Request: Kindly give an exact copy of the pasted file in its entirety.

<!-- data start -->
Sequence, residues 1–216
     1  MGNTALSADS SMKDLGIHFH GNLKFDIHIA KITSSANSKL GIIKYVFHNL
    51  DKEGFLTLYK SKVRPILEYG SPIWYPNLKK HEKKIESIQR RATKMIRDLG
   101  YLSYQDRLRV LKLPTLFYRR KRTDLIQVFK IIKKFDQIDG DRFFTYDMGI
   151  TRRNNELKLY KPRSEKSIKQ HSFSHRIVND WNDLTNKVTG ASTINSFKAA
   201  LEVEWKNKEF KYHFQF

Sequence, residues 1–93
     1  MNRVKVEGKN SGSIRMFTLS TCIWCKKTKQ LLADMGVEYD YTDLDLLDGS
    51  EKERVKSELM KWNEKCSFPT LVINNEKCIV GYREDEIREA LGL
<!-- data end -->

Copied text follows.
Sequence, residues 1–216
     1  MGNTALSADS SMKDLGIHFH GNLKFDIHIA KITSSANSKL GIIKYVFHNL
    51  DKEGFLTLYK SKVRPILEYG SPIWYPNLKK HEKKIESIQR RATKMIRDLG
   101  YLSYQDRLRV LKLPTLFYRR KRTDLIQVFK IIKKFDQIDG DRFFTYDMGI
   151  TRRNNELKLY KPRSEKSIKQ HSFSHRIVND WNDLTNKVTG ASTINSFKAA
   201  LEVEWKNKEF KYHFQF

Sequence, residues 1–93
     1  MNRVKVEGKN SGSIRMFTLS TCIWCKKTKQ LLADMGVEYD YTDLDLLDGS
    51  EKERVKSELM KWNEKCSFPT LVINNEKCIV GYREDEIREA LGL